Why?

I voted not because I love South Africa. I don’t. I don’t love the abstract concept of a nation – I don’t understand how to, and most importantly I don’t want to. I love individual people living there.

I don’t believe in the “infinite potential” of the country. I fundamentally disagree with the concept of a nation and have no personal affiliation with the sort of national identity the government is trying to forge.

I’m not “proudly South African”. Pride, for me, is a deeply personal emotion. Am I ashamed to be from South Africa? Of course not – I am from there. Am I proud? No, why would I be? I had no say in where I was born or where I grew up. South African society shaped a part of who I am, but I’m not “proud” of that – it’s just a given, in the same way that I’m not proud to have brown hair, or two eyes. I just do. I just am. Do I admire the acts of certain other South Africans? Definitely. But I also admire the actions of individuals from other countries and other histories. Do I empathise with some of the struggles in the country? Yes, but as much as I empathise with the struggles of other people elsewhere. Perhaps it’s because I grew up looking to transnational identities or non-South African media forms to feel a sense of belonging when I was younger that I don’t fully grasp the concept of a national identity. I know a great deal has been written on the subject, but for me it comes down to the realisation that I can choose my subjectivities: being from South Africa is no more important than ‘being Queer’, or than being of German/Lebanese/Scottish/South African (not necessarily in that order) descent. Why should I privilege a national identity in an age of increased transnationalism? How can I be expected to attach concepts like “pride” (or “shame”) to facets of my upbringing over which I had no control?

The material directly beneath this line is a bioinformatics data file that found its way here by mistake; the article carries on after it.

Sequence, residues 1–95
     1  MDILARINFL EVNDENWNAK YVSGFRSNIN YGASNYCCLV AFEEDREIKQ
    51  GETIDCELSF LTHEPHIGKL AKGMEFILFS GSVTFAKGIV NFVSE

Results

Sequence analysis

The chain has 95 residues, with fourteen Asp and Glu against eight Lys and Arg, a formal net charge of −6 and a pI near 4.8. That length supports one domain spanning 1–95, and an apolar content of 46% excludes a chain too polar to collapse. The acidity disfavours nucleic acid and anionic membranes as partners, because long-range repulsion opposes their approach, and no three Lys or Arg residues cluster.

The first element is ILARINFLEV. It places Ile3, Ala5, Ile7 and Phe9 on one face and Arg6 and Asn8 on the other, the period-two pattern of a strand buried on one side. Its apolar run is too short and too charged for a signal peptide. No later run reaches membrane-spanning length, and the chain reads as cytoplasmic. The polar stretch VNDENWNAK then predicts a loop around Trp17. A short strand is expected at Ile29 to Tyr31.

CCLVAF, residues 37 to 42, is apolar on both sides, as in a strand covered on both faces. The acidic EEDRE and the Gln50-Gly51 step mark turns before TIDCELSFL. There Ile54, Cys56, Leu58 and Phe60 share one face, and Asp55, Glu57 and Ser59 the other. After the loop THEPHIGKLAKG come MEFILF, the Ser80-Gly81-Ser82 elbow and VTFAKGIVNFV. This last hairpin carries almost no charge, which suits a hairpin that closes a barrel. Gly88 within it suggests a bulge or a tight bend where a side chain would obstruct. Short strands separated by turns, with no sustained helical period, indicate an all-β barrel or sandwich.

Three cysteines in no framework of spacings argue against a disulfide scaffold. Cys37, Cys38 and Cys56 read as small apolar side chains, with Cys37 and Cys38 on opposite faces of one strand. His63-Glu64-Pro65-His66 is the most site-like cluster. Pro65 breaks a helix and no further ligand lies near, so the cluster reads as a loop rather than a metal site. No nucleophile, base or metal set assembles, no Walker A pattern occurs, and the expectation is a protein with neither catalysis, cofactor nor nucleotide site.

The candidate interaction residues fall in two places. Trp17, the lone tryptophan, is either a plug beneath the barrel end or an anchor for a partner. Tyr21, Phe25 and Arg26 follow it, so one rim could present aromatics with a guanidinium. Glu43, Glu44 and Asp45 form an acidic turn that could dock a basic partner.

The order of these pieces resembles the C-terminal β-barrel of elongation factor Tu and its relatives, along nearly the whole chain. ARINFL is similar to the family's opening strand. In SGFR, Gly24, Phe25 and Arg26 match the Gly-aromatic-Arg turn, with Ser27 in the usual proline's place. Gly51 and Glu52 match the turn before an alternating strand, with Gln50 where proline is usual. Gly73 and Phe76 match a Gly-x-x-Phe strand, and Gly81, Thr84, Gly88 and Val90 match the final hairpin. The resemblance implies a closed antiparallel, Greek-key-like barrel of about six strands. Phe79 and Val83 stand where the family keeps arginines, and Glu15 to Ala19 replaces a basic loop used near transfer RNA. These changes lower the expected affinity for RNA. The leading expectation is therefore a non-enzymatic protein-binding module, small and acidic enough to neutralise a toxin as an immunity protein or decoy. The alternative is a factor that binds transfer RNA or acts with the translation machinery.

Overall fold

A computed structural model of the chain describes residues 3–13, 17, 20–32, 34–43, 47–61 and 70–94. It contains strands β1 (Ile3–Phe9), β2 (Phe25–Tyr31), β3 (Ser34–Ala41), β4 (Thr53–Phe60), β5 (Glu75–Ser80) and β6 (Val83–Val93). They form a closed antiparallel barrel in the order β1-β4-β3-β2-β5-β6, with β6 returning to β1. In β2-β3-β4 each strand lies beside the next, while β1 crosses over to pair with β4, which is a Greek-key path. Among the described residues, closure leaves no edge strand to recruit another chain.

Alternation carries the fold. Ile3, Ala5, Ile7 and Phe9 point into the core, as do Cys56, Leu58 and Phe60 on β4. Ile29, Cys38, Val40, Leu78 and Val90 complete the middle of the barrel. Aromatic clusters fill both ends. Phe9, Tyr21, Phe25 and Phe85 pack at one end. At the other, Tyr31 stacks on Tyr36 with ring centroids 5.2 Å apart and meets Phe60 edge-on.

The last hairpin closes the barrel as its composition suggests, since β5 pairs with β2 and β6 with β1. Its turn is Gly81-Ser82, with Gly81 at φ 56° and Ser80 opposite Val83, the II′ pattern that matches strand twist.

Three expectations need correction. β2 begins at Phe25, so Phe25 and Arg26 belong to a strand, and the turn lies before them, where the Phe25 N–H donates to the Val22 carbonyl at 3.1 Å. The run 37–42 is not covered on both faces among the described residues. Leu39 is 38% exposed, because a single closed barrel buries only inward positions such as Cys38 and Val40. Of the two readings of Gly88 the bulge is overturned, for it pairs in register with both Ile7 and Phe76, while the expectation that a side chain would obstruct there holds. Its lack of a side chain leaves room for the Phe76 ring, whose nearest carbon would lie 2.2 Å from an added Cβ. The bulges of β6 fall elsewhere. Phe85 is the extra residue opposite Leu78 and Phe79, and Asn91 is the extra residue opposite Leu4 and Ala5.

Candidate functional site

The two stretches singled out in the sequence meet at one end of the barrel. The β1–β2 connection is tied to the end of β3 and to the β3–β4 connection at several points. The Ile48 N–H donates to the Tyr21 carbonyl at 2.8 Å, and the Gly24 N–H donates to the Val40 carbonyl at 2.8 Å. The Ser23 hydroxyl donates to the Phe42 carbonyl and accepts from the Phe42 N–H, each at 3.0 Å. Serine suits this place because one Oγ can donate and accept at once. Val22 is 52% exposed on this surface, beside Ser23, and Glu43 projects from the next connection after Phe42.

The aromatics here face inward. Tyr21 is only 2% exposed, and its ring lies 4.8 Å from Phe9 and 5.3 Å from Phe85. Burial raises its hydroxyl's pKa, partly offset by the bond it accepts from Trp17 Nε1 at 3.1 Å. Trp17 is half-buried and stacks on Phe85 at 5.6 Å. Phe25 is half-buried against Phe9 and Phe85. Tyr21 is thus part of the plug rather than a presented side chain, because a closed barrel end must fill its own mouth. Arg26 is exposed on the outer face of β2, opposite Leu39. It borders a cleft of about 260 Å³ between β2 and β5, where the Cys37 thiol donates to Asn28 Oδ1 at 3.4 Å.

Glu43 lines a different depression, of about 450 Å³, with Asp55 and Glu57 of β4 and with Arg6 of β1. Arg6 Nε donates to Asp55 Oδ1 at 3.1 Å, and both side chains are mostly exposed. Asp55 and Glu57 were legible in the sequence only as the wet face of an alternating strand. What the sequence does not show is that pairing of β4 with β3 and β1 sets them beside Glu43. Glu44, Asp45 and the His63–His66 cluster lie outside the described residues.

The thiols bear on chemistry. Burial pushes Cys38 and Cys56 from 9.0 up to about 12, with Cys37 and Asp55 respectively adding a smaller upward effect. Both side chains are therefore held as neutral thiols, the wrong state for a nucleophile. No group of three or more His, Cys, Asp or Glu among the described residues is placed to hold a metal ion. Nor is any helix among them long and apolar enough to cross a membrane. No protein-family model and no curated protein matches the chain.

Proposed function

So no, I didn’t vote because I believe in ‘the nation’. I don’t stand when national anthems are sung.

Rather, I voted because I care about my friends and family living in South Africa. I care about what happens tVoting South Africao them, and the conditions in which they are living. And I care about the conditions in which I live when I travel back and live there.